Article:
Since when is investing in corporate bonds not in your bylaws?" Sidney reasoned. "You just have to get it out of your head that this has anything to do with foreign governments. New Lincoln, Inc. is a United States corporation that will be listed on the New York Stock Exchange, file 10Ks with the IRS, and adhere to all regulations governing interstate commerce. It's partly owned by bluechip companies such as Ingenesis, Martin Marietta, and General Electric, which guarantees you I'm not selling you junk. Look, I can understand how you feel: the bonds are unusual, no question. It even took me a few days to get used to them, to see how much sense they made. Twenty years ago, they weren't even selling mortgage-backed securities in the open markets, but it took some visionary people to realize how much more efficient the market would be if we did. Ten years ago, nobody would touch junk bods with a ten-foot pole. But along came the visionaries. You have got to do a little soul-searching here. You have got to ask yourself whether you're a visionary investor, or whether you're just another sheep in the flock. Thats really the question here. There question is not whether these bonds would outperform CMO's in a down-rate environment, or whether Moody's labels these AA or AAA. The question at hand here the question you have to ask yourself is whether you've been studying portfolio investments all your life over there so that you can play it safe. I mean, do you really go to cocktail parties and brag about not having posted a loss in thirty-four consecutive quarters? Or do you brad about buying Microsoft in '84? That's what we've got here. We've got Microsoft in '84, and the ball is in your hands. You can play, or you can take a seat and watch. I'll say it again, you can play, or you can take a nosebleed seat in row ZZ next to a fat lady dumping popcorn down her throat. I said soul-searching, and I meant it. Men have only a few opportunities like this in their life. Men dream about chances like this. I'm talking not just being part of financial history. You've got a chance to be part of world history. I'll lay it out for you. All these foreign governments around the world are suddenly picking up on democracy and turning themselves around. But democracy is an American invention, and we ought to be the ones capitalizing on it. We really should be charging a royalty. We should be licensing democracy. But until someone figures out how to accomplish that, the best thing we can do is turn these countries around ourselves. Why let someone else profit from it? Look, in the eighties, for a while this technique became really popular to buy a shitty company with bonds and turn the company around real quick to pay off the bonds. We kept doing it and we kept doing it until there weren't any shitty companies anymore. And then it occurred to us, 'Hey! Why limit ourselves just to companies?' Why not scoop up shitty countries, fix 'em up, and sell for a big profit? And I'm telling you, there's some real dogs out there that need a face-lift. And you've got to ask yourself whether you've got the balls to play this game. Have you got the gonads to be a part of history? Are you a man who, when the opportunity arises, can let them all hang out? In ancient Greece, they used to have eunuchs guard the women, because the eunuchs were safe. They didn't take risks. When the men went off to war, when the men charged into battle, the eunuchs were at home combing the women's hair and sipping tea. And you've got to ask yourself: you've got to ask yourself whether you're a eunuch, or whether you're a man. There's no middle ground here. Eunuch or man. Man or eunuch. Are you on earth to comb hair and sip tea, or are you on earth to fuck?"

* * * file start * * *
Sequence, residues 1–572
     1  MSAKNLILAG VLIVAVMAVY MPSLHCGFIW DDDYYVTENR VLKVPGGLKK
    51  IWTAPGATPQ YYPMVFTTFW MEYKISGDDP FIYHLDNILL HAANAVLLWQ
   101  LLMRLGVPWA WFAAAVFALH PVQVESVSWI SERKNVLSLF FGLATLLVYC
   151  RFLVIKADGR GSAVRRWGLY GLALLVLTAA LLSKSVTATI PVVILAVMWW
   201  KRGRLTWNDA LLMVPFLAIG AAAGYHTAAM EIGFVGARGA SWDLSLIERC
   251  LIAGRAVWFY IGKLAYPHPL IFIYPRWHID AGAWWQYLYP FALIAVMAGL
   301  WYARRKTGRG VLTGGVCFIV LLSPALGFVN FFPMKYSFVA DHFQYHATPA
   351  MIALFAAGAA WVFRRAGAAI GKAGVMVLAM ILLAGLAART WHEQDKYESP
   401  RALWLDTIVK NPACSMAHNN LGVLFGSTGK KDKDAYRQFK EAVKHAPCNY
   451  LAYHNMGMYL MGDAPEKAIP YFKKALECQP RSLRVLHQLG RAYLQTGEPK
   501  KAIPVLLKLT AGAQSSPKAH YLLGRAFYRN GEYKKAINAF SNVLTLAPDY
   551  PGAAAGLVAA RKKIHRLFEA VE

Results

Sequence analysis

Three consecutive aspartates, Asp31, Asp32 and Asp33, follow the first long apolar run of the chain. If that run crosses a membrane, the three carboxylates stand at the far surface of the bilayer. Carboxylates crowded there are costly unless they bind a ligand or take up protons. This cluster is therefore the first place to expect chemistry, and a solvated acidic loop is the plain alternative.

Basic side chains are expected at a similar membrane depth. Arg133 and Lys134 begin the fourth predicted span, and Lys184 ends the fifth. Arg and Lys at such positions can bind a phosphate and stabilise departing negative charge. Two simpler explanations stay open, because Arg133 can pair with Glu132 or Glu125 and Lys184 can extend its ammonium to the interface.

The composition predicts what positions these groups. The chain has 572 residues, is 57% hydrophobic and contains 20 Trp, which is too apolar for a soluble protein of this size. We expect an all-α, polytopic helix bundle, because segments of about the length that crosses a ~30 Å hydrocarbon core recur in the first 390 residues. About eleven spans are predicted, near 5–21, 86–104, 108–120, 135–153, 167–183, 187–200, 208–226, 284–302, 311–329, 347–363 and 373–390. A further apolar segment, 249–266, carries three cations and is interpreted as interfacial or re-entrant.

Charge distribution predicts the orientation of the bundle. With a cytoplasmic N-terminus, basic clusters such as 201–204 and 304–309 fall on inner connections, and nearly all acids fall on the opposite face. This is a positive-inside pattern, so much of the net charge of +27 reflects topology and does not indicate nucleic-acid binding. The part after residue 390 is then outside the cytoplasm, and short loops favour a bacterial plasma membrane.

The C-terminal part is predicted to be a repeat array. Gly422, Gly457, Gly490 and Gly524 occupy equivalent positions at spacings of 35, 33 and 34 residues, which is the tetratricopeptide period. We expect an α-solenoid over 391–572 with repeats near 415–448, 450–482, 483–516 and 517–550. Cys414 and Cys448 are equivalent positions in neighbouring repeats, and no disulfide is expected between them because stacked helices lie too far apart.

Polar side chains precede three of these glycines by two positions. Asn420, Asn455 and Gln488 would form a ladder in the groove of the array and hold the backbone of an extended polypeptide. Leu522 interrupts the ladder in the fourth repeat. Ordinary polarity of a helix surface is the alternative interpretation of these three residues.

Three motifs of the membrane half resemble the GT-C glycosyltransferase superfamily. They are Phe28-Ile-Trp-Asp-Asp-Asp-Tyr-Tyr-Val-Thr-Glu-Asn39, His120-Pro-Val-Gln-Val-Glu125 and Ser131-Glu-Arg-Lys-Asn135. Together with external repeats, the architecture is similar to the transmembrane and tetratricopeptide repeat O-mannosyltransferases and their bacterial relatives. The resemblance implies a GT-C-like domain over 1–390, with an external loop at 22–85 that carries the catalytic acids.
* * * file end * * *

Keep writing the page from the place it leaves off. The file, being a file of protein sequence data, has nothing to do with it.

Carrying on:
There was a long pause on the line. 

"I'm no eunuch," the trust manager responded shyly.

Author Bio:

Bronson was born in Seattle, Washington. After attending Lakeside School in Seattle, he graduated from Stanford University in 1986, and briefly worked as an assistant bond salesman in San Francisco. Bronson abandoned finance to pursue writing, publishing short stories and eventually a comedic novel based upon his bond trading experiences. This first novel, Bombardiers (1995), was an international best seller.